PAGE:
“As a member of both the Chassis and Business section, my week is packed with tasks. Every hour I’m not in class I will be around the workshop, working on the Chassis, contacting our sponsors, taking photos, organising events or updating the team’s social media, as well as keeping up to date with uni work and attending lectures.
As I am in my first year on the team, the majority of my tasks revolve around learning. On Monday evenings we attend 3 hour technical TAFE classes to develop our machining skills, and are required to complete a 6 month “junior project” which mimics the process involved with designing a part for the car.
The project not only taught us crucial skills such as operating ANSYS and various CAD software, but also allowed us to work together in a team and practice new skills. My week ends with a 10am start on a Sunday morning, where the day is spent fitting panels for the cockpit floor and pedal box.
It can be overwhelming at times, especially when you are new to the team, but the seniors make themselves very approachable and are always eager to help. With the support of the team and a can do attitude I can confidently look back the end of each week and be proud of what I have achieved.”
– Yuwei Cai, Recruit Chassis Engineer and Business Liaison.
“As a Suspension Engineer my day consists of numerous tasks to ensure our cars gets built. A usual day starts with a quiet briefing with myself on the train to make sure I know my plan for the day. In between outsourcing my parts, checking drawings and finalising CAD, I find time to finish assignments and keep up to date with lectures. Since the arrival of my uprights from Wirawaji, Monash University, and the Monash Wind tunnel, I have been preparing them to be properly assembled onto the car. This includes sanding and polishing the uprights and clevises, and drilling holes for the upper wishbone mounting clevises.
However, my part is only one of the many that makes up the Suspension assembly on M17 and M17E, I also ensure our new Suspension Recruits are kept busy and productive. This includes supervising to ensure they are correctly completing their assigned jobs, and answering any questions regarding the cars so that they can be independent, autonomous MMS engineers as soon as possible.
As the day winds down, I make sure the remaining Suspension Recruits still working know what they are doing to get the rest of their job done. I then take a moment to plan out the next day, and guarantee any incomplete and new jobs can be completed the next day. Despite this, my day is still not finished – any university work I need to get done for the next day needs to be completed as soon as I get home.”
– Senal Rajapakse, Senior Suspension Engineer.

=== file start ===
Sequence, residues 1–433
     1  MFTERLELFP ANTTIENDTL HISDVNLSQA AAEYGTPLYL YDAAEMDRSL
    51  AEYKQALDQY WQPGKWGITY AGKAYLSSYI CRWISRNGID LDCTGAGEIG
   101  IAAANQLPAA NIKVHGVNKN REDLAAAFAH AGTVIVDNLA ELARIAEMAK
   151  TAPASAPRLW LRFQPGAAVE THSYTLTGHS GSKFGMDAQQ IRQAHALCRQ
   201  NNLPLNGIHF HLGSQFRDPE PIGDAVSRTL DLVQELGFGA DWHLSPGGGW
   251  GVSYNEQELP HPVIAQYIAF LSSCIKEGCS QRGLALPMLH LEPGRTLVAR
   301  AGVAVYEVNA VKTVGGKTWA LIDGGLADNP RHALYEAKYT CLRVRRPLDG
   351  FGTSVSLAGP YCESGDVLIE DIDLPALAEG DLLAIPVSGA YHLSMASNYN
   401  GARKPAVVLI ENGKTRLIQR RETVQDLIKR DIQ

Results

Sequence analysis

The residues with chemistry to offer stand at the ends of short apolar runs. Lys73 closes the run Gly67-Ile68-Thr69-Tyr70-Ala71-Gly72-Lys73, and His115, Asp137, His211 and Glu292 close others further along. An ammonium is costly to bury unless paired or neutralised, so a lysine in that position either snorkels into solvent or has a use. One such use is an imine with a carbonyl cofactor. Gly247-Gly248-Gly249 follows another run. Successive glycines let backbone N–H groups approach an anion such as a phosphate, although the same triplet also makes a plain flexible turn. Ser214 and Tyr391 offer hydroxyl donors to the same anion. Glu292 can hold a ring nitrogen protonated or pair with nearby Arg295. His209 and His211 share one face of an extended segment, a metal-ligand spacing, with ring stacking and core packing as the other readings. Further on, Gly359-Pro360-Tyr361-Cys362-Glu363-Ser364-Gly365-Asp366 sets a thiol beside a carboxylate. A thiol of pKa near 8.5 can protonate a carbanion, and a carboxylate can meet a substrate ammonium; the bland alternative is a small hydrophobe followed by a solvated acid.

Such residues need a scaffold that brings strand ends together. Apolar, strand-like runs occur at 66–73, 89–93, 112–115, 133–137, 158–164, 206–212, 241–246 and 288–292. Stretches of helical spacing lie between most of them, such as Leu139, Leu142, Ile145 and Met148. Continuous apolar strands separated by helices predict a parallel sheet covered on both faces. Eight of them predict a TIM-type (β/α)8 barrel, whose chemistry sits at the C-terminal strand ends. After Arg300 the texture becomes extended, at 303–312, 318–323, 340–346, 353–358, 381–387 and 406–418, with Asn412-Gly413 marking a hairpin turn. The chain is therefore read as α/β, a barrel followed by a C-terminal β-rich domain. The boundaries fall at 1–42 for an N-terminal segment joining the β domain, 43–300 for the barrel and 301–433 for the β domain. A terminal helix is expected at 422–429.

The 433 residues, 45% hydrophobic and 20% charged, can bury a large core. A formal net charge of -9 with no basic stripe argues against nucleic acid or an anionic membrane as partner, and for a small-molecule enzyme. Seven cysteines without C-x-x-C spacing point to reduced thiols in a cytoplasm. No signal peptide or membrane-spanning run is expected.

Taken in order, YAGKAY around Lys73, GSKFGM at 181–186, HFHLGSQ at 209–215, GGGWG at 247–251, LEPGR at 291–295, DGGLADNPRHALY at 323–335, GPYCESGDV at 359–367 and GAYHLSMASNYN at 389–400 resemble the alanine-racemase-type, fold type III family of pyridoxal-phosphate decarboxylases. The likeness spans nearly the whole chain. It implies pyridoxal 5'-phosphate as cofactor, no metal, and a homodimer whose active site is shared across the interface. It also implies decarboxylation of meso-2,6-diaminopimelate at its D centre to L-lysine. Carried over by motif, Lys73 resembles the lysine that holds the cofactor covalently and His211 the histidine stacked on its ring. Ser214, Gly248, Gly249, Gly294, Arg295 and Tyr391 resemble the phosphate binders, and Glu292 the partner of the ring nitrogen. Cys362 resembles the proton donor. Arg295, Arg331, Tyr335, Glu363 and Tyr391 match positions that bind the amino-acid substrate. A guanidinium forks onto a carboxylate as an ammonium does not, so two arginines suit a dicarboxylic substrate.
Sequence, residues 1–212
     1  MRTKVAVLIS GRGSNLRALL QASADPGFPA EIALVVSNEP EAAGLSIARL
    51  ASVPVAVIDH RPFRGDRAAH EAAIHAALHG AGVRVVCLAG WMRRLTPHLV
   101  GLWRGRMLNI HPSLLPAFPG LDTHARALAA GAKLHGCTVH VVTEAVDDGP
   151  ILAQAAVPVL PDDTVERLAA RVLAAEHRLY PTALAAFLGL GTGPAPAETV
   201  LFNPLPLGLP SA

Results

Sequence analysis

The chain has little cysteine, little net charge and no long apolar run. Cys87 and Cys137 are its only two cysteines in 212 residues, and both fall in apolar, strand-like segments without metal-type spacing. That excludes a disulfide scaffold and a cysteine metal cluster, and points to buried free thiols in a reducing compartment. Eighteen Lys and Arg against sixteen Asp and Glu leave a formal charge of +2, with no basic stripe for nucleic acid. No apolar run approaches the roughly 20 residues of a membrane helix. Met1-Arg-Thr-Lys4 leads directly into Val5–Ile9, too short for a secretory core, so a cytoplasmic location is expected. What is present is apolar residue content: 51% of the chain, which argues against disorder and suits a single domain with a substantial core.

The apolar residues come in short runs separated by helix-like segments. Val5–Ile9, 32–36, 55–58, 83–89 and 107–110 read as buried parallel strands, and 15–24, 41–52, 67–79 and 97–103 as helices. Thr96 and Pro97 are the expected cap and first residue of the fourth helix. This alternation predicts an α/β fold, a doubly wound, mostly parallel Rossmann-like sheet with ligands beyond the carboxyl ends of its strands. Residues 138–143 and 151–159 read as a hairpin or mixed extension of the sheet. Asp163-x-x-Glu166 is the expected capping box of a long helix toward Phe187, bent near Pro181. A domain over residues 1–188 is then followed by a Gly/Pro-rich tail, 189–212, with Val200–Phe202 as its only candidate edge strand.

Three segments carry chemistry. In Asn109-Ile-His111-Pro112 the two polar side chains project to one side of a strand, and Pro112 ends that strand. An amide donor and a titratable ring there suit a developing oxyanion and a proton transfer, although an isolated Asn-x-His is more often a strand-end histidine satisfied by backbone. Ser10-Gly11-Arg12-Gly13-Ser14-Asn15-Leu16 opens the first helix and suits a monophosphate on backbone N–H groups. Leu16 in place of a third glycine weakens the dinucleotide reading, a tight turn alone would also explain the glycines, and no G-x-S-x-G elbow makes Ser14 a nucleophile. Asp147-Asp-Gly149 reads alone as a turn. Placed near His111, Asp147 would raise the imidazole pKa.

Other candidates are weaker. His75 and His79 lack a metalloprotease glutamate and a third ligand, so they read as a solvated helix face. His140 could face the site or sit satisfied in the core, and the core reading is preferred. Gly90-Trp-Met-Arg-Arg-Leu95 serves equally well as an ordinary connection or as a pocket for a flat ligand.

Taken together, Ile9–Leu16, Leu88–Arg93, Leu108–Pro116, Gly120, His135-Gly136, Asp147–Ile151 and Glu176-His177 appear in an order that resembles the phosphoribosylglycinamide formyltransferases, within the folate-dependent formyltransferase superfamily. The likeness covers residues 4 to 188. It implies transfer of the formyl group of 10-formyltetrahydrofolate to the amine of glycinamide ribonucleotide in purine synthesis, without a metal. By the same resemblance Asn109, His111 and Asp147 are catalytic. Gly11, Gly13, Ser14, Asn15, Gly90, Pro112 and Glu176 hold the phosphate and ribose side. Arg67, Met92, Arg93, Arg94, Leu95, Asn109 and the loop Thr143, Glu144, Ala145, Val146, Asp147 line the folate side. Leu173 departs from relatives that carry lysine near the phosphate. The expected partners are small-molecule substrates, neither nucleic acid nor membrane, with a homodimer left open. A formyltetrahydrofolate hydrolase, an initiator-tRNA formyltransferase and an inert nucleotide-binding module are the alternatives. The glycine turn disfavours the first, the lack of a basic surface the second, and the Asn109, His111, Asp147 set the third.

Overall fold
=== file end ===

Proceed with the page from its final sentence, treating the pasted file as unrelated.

“Mondays kick off in the dyno room, in fact, ever since our engine arrived, most days start and end with the dyno. The week then usually begins with a management meeting, where the team’s Leaders, Chiefs and Managers get together and discuss management’s goals for the week. Within each section we also hold weekly meetings. In Powertrain meetings we discuss our direction for the week, delegate tasks and check in on the Recruits to see how they are progressing. At the end of each meeting we set aside time to teach juniors, answer any questions they have, guide them with their junior projects, and teach them how to use simulation software.
Throughout the week I chase up tasks that need to be completed before each deadline. Another one of my responsibilities is double checking and approving senior designed parts and oversee the implementation of each part on the car. Outsourcing parts is a critical part of any section, and I’m ultimately responsible for coordinating timing to ensure Powertrain’s parts arrive on time. As I am currently studying a double degree in Industrial Design and Mechanical Engineering, maintaining a balance between my classes and projects, and managing the Powertrain section all comes down to good time management..”
– Will Jenkin, Powertrain Section Leader.
“The first thing I see every morning is a flood of late night emails sent the previous evening and reading through the updates of work completed the night before is always interesting. Although I do not have any classes scheduled on Monday, I enjoy arriving at the workshop early to admire the progress of the team. Starting the day early also allows time to double check any simulations that need to be run and get some work done before the first meeting. My role as a Chief Engineer is to help resolve any current problems whilst also pre-empting any potential future problems that are coming our way. The majority of my days are usually spent chasing up orders and overseeing what each section is up to. Mondays are always jam packed with meetings, whether it’s the Team, Management, Integration, Infrastructure, Manufacturing, or Section meetings, the main goal is to set the direction of the week.
In between the time I spend on FSAE, I also find time for University work. Tuesday and Wednesdays are spent rushing to and from classes. Thursday and Friday signifies the end of the week and I like to use these days to make sure everything is prepared for a weekend of work. Making sure things run smoothly is a full-time job, and a Chief Engineer’s job never ends, that is until the morning after competition.”
– Filip Surla, Chief Engineer.